Sunday, October 21, 2007

5 Ways to Make a User Interface Intuitive

Basic usability concepts ...

"When designing a user interface, be it for the web or an application, my core goals are always to eliminate redundancy and make the UI as intuitive as possible. Sounds fairly simple, but like with all subjective processes, keeping those core goals on track can be tough. By no means are the suggestions below written in stone; these are just things that I keep in mind when designing a user interface. I also use simplicity or the KISS principle as a guiding tenet when developing my user interfaces.

1. Eliminate Redundancy

In the old Windows vs. Mac OS debate, most of the time people talk about security, but my biggest pet peeve of the Windows platforms is its overwhelming myriad of ways to do the same thing. With all user interfaces there will be a learning curve, but don’t use that as an excuse to add duplicate functionality.

Be stingy as it relates to adding top-level navigational elements, and make sure adding them is the right choice. A higher-level grouping may be what is needed. I recently came across a book called The Paradox of Choice; it talks about our inability to deal with an abundance of choices. An excess of choice has a paralyzing effect, so keep the UI from overwhelming the users. Make sure everything that’s included is absolutely needed to accomplish the goals of the UI.

2. Nomenclature & Contextualization

A user should have a reasonable understanding of what they will find underneath top-level navigation. Name your navigation exactly what it is and try not to be cute when naming different areas. When developing navigation and content areas, group like items together. This will add cohesion to areas and straighten the users understanding of the content.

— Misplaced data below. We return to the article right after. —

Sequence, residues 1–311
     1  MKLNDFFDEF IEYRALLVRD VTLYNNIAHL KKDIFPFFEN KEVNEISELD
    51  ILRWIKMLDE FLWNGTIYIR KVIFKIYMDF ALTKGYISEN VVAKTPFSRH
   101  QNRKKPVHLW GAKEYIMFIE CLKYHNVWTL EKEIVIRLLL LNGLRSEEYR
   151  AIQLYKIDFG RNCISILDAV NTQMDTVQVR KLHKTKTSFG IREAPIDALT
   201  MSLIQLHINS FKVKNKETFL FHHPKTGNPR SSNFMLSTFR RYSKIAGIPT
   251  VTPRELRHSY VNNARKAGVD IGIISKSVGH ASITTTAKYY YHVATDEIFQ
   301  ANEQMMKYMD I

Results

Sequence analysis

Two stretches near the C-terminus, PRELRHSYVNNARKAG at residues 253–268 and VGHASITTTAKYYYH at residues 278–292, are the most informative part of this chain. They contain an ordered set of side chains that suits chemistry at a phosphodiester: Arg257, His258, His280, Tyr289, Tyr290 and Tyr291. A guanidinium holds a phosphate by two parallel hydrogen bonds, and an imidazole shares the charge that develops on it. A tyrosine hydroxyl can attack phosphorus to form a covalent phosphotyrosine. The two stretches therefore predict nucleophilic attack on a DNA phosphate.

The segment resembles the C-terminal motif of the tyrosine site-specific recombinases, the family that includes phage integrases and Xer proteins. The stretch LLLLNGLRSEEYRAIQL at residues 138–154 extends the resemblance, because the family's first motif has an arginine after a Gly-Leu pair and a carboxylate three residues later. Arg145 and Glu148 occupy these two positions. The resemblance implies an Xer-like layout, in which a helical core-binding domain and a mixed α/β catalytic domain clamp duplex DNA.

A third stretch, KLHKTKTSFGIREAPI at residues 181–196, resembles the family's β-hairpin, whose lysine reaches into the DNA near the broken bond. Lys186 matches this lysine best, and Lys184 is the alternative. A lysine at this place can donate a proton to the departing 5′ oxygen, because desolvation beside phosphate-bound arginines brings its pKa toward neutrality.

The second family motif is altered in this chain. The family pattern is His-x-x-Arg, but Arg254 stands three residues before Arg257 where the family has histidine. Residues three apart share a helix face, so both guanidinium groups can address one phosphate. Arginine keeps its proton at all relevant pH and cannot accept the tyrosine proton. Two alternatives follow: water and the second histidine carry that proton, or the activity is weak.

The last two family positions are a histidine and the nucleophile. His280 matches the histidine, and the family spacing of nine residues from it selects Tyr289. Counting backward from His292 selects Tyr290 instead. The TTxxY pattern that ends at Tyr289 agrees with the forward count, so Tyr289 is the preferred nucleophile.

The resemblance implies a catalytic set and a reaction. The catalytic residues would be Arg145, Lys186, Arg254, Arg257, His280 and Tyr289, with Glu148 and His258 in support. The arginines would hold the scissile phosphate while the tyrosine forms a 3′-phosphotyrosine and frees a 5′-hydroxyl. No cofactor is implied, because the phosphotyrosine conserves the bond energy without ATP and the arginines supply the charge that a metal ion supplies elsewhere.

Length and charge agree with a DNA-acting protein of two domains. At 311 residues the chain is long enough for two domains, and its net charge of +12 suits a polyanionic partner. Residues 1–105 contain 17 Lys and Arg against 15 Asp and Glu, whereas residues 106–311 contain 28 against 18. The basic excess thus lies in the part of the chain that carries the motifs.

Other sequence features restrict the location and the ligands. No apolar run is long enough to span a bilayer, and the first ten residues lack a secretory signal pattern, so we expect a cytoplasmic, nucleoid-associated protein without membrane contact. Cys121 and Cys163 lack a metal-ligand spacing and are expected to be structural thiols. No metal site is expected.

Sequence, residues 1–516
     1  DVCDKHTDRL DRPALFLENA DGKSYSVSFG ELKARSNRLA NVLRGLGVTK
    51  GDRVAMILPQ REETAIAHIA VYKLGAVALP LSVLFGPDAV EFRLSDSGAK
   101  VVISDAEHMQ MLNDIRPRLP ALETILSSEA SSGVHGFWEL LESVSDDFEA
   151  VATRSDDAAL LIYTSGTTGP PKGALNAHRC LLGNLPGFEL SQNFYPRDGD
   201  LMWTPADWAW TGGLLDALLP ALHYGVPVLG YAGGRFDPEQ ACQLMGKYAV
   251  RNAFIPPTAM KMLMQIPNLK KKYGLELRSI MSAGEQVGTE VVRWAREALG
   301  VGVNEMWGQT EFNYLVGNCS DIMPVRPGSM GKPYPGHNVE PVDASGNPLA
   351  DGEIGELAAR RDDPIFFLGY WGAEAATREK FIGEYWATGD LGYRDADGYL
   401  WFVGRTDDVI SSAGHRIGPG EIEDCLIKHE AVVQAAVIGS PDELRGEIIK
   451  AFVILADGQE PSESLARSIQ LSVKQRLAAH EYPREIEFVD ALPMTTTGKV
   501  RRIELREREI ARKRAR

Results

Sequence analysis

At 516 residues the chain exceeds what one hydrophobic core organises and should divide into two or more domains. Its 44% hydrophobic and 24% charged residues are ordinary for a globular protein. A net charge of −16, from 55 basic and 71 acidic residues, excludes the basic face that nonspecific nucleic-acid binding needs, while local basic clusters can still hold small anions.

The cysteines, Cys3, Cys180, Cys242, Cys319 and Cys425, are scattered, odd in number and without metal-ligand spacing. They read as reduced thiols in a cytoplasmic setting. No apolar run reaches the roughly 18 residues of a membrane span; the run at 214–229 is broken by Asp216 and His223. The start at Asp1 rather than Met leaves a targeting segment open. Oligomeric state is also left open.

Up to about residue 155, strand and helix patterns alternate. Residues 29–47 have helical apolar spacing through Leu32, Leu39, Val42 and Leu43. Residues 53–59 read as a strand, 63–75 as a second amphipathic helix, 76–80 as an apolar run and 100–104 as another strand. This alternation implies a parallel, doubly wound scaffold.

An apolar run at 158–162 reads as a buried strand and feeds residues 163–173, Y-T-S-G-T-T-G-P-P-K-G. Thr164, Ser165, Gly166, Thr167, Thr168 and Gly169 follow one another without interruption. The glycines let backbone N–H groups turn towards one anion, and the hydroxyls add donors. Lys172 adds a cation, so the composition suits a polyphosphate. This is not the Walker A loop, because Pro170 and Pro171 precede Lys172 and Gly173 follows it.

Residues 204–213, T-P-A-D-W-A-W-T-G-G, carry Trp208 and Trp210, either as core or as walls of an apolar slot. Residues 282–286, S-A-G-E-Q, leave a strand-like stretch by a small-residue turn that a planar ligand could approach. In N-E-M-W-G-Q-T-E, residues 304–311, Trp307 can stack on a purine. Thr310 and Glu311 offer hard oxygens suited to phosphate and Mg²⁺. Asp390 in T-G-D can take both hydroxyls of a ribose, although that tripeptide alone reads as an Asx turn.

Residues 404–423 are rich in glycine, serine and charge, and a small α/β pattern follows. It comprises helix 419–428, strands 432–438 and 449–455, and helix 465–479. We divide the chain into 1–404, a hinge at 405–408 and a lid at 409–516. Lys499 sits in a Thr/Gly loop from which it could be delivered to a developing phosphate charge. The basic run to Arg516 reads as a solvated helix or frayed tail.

Contextualize navigation and certain content elements to limit what the user has to visually take in at any one time. Content having the appropriate context and related information can do a lot to add additional clicks to supporting content.

3. Consistency

Being consistent in placement of navigation is a must. Some of the worst UI’s are ones where navigation moves around the page. Iconography and color can do a lot to improve the UI. Stick with your design conventions and try not to have many variations.

Buttons and typography should have a consistent feel and any deviations should point out special situations to the user. If you have a case where there is a slight change from page to page, like the case of an error message on a form, make sure the user notices the change. This can be extremely frustrating to users who don’t notice the page refresh and the page isn’t noticeably changed."    (Continued via Rikcat Industries)    [Usability Resources]


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